Rainbow Warrior aims to defy Glasgow port by sailing youth activists to Cop26

·2-min read
Rainbow Warrior (Kristian Buus/Greenpeace/PA)
Rainbow Warrior (Kristian Buus/Greenpeace/PA)

The Rainbow Warrior is planning to sail to the Cop26 summit in Glasgow in defiance of port authorities, environmental group Greenpeace has said.

The campaign group’s famous ship is carrying youth strikers from communities most hit by climate change to demand world leaders “stop failing us”.

Greenpeace said it had been warned by port authorities not to sail up the River Clyde to the global climate conference, but added the vessel would still attempt the journey.

If the voyage is successful, the four youth activists on the Rainbow Warrior plan to meet fellow members of the Fridays for Future climate strike movement on Monday afternoon outside the summit to deliver their message.

They are warning that the climate talks should not go ahead without people who are most affected, but say many activists have been shut out by a failure to distribute vaccines equally between countries and travel restrictions, while major nations have big delegations attending.

Watch: Foreign Secretary Liz Truss defends world leaders arriving at Cop26 by private plane

The Rainbow Warrior set sail from Liverpool on Saturday night, and contacted the Clyde port authority to request permission to berth outside the Cop26 conference, but was told it could not sail up the Clyde and the area was controlled by police.

The captain decided to ignore the warnings and will continue the ship’s journey as the activists’ message and presence at Cop26 is fundamental to its success, Greenpeace said.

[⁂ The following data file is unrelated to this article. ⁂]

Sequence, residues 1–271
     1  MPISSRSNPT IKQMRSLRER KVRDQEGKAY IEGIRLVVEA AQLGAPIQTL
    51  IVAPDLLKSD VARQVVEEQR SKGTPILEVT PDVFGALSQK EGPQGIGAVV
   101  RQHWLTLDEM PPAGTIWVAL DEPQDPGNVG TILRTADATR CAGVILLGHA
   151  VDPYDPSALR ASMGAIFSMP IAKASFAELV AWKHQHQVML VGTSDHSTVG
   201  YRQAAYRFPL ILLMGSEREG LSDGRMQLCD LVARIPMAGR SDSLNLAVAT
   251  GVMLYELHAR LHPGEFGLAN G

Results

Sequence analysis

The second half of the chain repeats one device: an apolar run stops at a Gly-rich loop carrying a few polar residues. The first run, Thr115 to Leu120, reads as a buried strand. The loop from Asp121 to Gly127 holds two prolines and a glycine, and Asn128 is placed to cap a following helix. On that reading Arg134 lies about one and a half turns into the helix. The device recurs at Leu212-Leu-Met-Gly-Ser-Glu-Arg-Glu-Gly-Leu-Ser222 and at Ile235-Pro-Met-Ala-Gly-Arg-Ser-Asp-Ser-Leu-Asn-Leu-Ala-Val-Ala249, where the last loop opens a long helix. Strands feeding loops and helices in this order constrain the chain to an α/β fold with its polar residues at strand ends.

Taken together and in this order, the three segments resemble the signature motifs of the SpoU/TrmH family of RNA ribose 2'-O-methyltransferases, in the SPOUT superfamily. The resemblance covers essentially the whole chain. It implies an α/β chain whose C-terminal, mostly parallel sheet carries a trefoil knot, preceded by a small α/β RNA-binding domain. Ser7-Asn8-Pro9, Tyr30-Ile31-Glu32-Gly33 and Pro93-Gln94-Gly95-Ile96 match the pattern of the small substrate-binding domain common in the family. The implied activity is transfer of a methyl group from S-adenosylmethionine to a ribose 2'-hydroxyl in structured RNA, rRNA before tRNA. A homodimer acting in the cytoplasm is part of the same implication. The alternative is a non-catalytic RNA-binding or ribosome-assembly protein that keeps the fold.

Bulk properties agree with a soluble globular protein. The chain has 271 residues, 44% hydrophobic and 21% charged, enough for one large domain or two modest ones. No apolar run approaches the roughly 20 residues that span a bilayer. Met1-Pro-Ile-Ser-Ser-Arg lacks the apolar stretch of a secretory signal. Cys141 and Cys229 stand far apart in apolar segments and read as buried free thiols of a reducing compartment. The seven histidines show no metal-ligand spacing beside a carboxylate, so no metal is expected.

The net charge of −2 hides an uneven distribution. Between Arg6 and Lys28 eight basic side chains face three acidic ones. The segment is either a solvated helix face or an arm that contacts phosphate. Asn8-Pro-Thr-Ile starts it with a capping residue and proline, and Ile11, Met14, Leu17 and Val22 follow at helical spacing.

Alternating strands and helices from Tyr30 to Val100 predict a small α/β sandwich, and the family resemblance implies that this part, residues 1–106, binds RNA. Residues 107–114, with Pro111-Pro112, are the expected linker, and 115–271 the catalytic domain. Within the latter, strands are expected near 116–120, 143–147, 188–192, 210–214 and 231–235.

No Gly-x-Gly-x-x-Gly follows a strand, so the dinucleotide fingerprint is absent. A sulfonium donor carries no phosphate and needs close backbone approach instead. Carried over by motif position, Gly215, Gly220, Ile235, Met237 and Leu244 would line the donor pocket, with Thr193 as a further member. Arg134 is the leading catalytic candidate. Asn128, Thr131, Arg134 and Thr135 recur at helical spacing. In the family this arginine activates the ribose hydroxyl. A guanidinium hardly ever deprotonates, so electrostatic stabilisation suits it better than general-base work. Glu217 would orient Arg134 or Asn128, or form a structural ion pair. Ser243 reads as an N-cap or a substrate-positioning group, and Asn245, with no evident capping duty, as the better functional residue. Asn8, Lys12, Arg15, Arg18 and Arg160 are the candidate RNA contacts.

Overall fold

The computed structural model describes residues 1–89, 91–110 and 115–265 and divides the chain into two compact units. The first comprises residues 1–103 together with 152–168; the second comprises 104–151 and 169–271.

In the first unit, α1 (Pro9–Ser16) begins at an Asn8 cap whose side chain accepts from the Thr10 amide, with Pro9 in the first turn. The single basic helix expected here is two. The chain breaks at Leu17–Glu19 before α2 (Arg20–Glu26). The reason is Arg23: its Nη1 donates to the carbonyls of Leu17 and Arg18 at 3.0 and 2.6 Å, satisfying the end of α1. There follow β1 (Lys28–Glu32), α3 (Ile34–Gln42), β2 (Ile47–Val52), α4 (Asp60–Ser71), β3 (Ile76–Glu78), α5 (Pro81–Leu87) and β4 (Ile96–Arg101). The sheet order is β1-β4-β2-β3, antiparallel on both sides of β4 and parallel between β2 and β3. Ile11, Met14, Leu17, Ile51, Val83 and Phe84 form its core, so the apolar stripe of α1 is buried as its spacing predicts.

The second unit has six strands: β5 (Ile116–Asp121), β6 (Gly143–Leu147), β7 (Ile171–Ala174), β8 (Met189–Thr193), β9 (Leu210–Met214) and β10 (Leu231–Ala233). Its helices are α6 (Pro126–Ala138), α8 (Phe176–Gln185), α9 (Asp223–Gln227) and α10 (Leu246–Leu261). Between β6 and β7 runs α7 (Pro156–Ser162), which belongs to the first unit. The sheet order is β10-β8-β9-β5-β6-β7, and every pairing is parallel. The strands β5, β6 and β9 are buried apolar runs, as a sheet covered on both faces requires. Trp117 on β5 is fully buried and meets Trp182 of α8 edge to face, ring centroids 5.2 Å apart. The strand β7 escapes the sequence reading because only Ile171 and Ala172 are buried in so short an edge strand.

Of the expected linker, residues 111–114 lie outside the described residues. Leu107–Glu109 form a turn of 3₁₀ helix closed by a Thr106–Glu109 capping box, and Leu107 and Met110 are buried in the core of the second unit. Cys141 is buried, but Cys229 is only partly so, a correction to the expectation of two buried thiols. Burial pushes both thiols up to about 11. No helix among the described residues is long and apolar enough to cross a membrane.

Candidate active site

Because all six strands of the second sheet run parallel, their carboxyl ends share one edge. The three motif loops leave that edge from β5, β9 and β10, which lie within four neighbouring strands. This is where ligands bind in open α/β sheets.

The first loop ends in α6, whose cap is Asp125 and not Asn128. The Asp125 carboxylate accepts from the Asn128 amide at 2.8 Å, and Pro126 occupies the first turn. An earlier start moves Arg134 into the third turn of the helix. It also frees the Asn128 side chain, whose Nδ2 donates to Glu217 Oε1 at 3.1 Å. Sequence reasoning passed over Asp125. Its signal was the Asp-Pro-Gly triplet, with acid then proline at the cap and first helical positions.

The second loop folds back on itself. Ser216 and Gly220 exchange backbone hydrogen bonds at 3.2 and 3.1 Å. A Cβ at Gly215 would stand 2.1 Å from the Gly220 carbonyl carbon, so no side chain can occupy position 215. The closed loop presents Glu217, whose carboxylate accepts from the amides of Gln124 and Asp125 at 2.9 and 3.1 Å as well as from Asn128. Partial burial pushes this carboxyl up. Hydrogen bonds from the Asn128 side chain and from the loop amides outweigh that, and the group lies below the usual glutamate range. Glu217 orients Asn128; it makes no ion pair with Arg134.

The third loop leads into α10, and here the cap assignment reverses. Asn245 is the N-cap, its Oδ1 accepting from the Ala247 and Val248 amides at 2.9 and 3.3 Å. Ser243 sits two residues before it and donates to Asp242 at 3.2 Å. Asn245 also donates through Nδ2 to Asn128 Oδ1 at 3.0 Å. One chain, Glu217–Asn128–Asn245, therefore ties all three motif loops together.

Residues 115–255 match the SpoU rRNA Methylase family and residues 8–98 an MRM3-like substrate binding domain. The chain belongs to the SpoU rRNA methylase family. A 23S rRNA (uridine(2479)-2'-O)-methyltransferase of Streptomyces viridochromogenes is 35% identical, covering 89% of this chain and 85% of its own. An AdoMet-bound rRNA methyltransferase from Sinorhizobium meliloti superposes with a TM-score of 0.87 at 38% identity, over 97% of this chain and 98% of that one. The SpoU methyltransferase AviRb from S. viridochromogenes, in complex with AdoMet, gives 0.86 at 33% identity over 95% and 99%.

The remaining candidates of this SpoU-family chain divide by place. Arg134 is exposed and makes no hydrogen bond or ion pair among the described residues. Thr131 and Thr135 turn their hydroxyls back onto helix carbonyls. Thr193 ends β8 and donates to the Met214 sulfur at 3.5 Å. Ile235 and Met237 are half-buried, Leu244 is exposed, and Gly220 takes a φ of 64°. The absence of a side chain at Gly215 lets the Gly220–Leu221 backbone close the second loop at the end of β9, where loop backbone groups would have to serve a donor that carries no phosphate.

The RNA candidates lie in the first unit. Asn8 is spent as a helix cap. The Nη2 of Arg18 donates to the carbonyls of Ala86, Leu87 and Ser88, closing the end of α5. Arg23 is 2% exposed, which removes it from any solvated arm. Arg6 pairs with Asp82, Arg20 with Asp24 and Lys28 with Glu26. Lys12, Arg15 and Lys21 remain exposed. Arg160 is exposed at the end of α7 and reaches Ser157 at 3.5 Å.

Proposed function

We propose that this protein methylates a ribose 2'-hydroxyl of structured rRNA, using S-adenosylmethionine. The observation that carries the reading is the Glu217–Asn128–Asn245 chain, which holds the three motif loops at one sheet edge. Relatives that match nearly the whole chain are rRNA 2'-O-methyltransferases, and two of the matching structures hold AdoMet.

A “stop failing us” message is written on large banners hung between the Rainbow Warrior’s masts and bows.

The Greenpeace ship the Rainbow Warrior leaves Liverpool and begins the journey to COP26 in Glasgow (Suzanne Plunkett/Greenpeace/PA)
The Greenpeace ship the Rainbow Warrior leaves Liverpool and begins the journey to COP26 in Glasgow (Suzanne Plunkett/Greenpeace/PA)

Speaking onboard, 19-year-old climate activist Maria Reyes, from Mexico said: “From vaccines to visas and travel restrictions, we’ve already had to overcome many obstacles that the Cop26 organisers tried to use in an attempt to shut us out.

“But we’re here, we’re coming and we won’t be stopped.

“Inequalities such as gender violence, racial discrimination, class inequality and forced migration are exacerbated by the climate crisis.

“By denying us entry these so-called ‘leaders’ are fanning the flames of these inequalities. Enough empty speeches, there won’t be climate action without climate justice.”

Edwin Namakanga, 27, from Uganda, said: “World leaders should be rolling out the red carpet to people most affected by this crisis, not denying us from making our way to Cop26.

“We’re only four activists but we’re representing millions and our voices must be heard.”

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